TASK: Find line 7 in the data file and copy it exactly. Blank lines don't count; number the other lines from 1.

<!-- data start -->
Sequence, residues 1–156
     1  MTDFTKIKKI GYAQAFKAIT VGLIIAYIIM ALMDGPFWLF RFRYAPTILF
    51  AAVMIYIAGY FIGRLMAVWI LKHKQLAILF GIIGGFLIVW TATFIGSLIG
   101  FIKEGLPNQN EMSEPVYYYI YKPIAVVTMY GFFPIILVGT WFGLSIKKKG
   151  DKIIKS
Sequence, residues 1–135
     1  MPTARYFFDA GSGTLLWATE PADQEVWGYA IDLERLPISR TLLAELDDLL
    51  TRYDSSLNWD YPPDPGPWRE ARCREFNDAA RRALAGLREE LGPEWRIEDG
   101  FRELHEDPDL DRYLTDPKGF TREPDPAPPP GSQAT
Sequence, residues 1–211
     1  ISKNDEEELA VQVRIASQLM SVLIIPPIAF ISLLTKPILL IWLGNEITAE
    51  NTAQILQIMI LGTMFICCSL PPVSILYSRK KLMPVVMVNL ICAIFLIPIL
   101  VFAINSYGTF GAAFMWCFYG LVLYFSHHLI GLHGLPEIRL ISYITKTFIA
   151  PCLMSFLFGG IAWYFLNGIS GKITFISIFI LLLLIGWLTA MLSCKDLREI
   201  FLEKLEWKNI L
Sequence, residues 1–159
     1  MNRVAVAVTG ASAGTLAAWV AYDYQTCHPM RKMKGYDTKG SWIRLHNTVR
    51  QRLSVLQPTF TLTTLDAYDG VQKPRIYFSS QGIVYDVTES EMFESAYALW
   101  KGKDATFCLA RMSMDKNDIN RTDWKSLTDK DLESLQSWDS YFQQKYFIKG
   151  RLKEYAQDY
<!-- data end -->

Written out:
     1  MPTARYFFDA GSGTLLWATE PADQEVWGYA IDLERLPISR TLLAELDDLL